We’ve all heard about aging gracefully, which generally means accepting the conditions of old age such as weaknesses and acting in a more mellow and stereotypical manner. However, as life expectancy is increasing across the world and living up to 80, 90 and even 100 years of age is the new normal, I strongly believe that aging healthily has become far more important.

I remember as a child, whilst playing, we would impersonate old people as being frail, walking slowly with a hunched back, and not being able to lift much, let alone do house chores. That was the case then, when our parents would take care of our grandparents as they grew older. But today, we are embracing the nuclear family way of living and don’t expect or wish to be dependent upon our children. Plus, living like the stereotype I used to play, for 20, 30 or even 40 years seems like a nightmare, don’t you agree?

What makes me feel sad is seeing young people in their 20s experiencing body aches, lacking proper nutrition, being stressed out with the pressure of work and unrealistic social media perceptions, and already starting to get chronic conditions that were unheard of for that age until just a decade ago. On the other hand, I get inspired by all of you who live an active lifestyle, have strong bodies, take care of yourselves and are on your way to blossoming into old age.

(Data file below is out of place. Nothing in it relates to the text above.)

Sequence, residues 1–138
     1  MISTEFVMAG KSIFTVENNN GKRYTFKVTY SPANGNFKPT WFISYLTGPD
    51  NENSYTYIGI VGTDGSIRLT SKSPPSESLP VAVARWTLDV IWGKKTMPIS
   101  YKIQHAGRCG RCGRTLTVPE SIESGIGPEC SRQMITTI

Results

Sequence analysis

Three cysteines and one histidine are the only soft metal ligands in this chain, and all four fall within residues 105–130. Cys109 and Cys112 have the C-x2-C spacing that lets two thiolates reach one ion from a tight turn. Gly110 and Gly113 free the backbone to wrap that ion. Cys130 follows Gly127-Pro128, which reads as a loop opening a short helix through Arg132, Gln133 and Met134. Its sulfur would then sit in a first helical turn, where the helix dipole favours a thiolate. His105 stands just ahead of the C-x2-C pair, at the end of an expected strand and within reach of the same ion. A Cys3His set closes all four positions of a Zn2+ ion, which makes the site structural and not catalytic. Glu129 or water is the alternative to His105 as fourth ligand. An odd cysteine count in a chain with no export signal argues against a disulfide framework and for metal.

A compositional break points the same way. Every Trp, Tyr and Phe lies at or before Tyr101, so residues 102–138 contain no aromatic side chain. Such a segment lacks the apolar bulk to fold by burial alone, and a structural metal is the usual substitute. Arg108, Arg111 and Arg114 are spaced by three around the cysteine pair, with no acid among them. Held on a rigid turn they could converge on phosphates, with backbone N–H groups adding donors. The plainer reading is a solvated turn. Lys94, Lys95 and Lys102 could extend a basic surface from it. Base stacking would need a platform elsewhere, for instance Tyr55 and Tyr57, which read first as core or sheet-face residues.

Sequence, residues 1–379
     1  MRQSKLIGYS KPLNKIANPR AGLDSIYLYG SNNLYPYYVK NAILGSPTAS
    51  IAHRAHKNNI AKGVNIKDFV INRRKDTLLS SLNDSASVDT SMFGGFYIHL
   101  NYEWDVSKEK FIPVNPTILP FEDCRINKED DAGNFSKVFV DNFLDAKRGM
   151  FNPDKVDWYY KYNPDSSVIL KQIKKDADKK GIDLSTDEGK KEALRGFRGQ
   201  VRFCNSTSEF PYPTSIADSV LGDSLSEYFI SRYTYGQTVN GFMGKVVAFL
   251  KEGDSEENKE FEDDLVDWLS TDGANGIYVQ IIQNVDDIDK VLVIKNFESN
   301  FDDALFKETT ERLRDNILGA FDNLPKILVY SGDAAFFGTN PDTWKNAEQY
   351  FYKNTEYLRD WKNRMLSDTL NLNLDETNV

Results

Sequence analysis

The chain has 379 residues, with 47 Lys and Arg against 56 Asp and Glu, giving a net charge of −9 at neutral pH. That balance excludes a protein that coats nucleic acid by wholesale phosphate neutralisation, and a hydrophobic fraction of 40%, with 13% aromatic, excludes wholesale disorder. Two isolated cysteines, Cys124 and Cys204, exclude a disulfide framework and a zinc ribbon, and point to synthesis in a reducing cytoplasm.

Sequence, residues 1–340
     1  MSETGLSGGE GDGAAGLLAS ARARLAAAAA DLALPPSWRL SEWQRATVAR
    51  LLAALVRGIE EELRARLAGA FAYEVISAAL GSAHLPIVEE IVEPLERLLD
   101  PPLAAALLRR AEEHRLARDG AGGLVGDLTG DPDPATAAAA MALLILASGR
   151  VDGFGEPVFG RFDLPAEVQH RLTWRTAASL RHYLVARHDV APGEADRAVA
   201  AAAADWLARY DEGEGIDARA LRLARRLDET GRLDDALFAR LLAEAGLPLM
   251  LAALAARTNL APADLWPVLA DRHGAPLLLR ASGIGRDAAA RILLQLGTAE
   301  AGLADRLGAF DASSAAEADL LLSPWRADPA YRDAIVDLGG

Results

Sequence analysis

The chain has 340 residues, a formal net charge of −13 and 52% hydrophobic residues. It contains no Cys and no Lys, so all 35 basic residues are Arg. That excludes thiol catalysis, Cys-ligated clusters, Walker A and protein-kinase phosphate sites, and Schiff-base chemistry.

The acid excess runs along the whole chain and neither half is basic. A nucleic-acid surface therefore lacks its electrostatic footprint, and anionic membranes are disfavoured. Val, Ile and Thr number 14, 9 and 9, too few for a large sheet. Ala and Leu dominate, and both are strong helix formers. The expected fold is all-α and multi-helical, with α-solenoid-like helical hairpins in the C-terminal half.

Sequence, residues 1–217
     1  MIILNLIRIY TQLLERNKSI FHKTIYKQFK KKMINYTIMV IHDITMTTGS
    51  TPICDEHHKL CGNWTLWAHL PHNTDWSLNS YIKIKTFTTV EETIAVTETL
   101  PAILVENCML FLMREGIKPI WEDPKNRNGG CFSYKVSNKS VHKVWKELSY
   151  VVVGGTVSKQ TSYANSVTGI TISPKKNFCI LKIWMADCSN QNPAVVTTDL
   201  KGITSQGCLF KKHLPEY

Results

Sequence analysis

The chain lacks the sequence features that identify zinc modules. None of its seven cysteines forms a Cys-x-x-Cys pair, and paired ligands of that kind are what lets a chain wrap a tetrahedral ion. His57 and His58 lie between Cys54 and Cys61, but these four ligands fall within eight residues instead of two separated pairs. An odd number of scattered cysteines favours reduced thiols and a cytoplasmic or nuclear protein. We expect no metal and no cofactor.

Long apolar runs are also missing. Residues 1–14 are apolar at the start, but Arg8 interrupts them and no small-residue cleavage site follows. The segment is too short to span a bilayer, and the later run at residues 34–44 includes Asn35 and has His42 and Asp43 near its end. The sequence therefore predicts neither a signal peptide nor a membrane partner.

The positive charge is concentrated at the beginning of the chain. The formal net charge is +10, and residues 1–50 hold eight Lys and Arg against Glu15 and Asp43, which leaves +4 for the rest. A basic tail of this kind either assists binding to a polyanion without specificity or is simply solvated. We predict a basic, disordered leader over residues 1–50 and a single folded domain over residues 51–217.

The world is seeing this phenomenon and has coined the word ‘perennials’ to describe those of you who live life to the fullest and are physically and mentally active no matter your age. In fact, I believe that it’s not just physical exercise and nutrition, but also being active, caring for yourself and being mentally and socially engaged that prolong those years and the quality of your life.

Let us all take such a comprehensive view to aging, to live happily and not have to depend upon helpers or our children to get by, but see them as luxuries and sources of happiness to live comfortably. I strongly feel that our health and complete well-being are our core strengths to live up to our standards, no matter the number of candles on our birthday cakes.

So let’s eat nutritious food, engage and maintain our social lives, live in safe and supportive communities, and do what we love every day. Let’s challenge and change the world’s stereotype of old age, to one of being active, smart, full of life, and role models to the younger generation. Let this change begin with us and our thinking. Let’s redefine what aging gracefully means to us and not let anything stop us from doing what we love – physically, mentally, or spiritually.

Do you want to join me on this journey? Tell me what you think about aging and your ideas on how we could live healthier lives with our young minds.

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